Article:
CORREGIDOR—While it happened 45 years later, the crisis in Sabah is a “tragic” rerun of the controversial Jabidah Massacre in 1968, President Aquino said Monday.
Under a searing afternoon sun at the purported massacre site here, the President drew parallels between the two incidents that he said both exploited the Muslim people as he rebuked the “provocateurs” behind the Feb. 9 incursion by Agbimuddin Kiram, an heir of the sultanate of Sulu, into Sabah.
And to avoid a repeat of the massacre, the President ordered the National Historical Commission to declare Mindanao Garden of Peace, a memorial for the Jabidah Massacre victims, a national landmark.
“Till now there are those attempting to exploit the ordinary Moros for their own ends. Aren’t we seeing a repeat of history in the events that unfolded during the past weeks?” Aquino told a crowd of Cabinet officials and hundreds of peace advocates in the middle of an airstrip.
“There are still those exposing them to danger and risking their safety, while the leaders are comfortably watching the events from afar,” he added.
“What’s happening in Lahad Datu is a tragedy like the tragedy that happened in Jabidah,” he said. “But the biggest tragedy is that it seems we’re not learning from the lessons of the past; that following the law and respecting rules are the just response to the challenges we’re facing.”
Then as now, the President said, it is clear in the Constitution that the country renounces war as a national policy.
It was the first time a Philippine leader traveled to Corregidor, a tadpole-shaped island at the mouth of Manila Bay that was the site of one of the bloodiest chapters in World War II, to commemorate the Jabidah Massacre. Aquino attended the groundbreaking rites for the memorial garden.
On March 18, 2008, in the 40th year of the Jabidah Massacre, then Anak Mindanao Rep. Mujiv Hataman and some of his allies made a symbolic journey to Corregidor to unveil a commemorative marker honoring the slain Muslims. Hataman, who was appointed by Aquino as chairman of the Autonomous Region in Muslim Mindanao, accompanied the President to Corregidor on Monday.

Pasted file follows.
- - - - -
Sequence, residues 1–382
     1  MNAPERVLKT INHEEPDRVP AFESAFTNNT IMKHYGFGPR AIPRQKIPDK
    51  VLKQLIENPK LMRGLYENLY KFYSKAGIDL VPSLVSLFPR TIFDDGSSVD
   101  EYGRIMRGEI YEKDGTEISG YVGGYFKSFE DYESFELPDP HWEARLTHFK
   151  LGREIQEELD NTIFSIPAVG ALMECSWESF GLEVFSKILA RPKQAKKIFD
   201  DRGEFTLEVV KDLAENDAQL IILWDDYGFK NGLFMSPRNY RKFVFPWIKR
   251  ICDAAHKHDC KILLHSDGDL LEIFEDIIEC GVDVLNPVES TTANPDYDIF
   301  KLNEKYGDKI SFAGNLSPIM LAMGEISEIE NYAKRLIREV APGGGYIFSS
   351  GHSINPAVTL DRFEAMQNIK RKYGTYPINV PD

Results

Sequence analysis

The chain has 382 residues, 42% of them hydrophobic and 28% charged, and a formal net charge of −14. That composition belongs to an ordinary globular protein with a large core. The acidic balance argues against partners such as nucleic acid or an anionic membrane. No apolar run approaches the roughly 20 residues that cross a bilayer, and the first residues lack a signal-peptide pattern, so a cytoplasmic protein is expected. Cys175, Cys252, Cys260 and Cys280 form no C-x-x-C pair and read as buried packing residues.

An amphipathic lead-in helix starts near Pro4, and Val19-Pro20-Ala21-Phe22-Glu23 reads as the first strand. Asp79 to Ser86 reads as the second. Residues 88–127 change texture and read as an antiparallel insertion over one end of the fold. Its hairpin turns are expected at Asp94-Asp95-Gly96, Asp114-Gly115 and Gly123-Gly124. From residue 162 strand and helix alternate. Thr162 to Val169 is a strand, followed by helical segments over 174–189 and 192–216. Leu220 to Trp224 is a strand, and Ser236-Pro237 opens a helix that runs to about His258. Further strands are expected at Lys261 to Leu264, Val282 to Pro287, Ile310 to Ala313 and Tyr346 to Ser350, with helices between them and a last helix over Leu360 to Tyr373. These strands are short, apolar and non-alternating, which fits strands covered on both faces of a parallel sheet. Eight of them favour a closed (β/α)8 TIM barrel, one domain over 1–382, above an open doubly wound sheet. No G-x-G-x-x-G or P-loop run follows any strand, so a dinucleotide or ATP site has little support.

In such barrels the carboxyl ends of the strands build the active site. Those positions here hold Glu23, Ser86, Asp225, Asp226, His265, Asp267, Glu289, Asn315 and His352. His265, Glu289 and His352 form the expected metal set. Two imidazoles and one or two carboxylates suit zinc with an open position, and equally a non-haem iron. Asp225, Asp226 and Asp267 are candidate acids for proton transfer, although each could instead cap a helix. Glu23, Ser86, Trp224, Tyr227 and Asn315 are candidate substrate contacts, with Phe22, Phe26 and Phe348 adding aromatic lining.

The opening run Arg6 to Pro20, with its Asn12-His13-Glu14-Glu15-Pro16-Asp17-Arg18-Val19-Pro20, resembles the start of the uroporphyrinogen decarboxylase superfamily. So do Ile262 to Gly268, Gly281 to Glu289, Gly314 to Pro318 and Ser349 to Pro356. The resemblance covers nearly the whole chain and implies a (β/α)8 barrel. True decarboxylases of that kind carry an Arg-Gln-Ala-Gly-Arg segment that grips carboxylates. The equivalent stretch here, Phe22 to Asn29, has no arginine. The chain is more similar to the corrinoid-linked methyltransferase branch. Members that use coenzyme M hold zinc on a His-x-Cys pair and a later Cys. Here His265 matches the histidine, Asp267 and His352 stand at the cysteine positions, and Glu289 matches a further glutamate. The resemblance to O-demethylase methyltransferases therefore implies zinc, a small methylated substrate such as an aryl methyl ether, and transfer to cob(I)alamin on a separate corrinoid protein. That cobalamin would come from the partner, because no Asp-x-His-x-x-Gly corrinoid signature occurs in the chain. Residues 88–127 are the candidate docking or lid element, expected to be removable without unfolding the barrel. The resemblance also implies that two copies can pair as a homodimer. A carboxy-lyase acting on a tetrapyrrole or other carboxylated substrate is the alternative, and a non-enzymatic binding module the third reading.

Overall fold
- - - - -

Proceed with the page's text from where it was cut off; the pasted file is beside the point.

Aquino used the event to address the Sabah crisis, putting it in the context of “Operation Merdeka,” an alleged top-secret plan by the Marcos administration to invade Sabah, which the Philippines claimed was part of its territory.
When the Muslim recruits, who were transported to Corregidor on Jan. 3, 1968, refused to take part in the mission after belatedly learning of the covert plan, the training officers fired on them before dawn on March 18. One trainee, Jibin Arula, escaped but reportedly died in a vehicular accident in Trece Martires, Cavite, in 2010. (See In the Know on this page)
The President chafed at the key personalities who masterminded the incursion into Sabah of the sultan’s men, which prompted a Malaysian air and ground assault.
“Instead of telling them: ‘Go home, your life is important,’ they keep on agitating, they keep on provoking, as if they’re mere bullets for their hidden intentions. This is what I can say: If others consider the lives of Moros loose change—loose change that they could put on the line for their personal interest—this view is wrong,” he said.
That was why, Aquino said, he had appealed to Agbimuddin and his followers to come home since after all, “violence amounts to nothing,” and “sober talks are more productive.”
The violence has left at least 62 dead, and sent hundreds of undocumented Filipinos fleeing Sabah after the Malaysian police and military cracked down on Agbimuddin’s followers.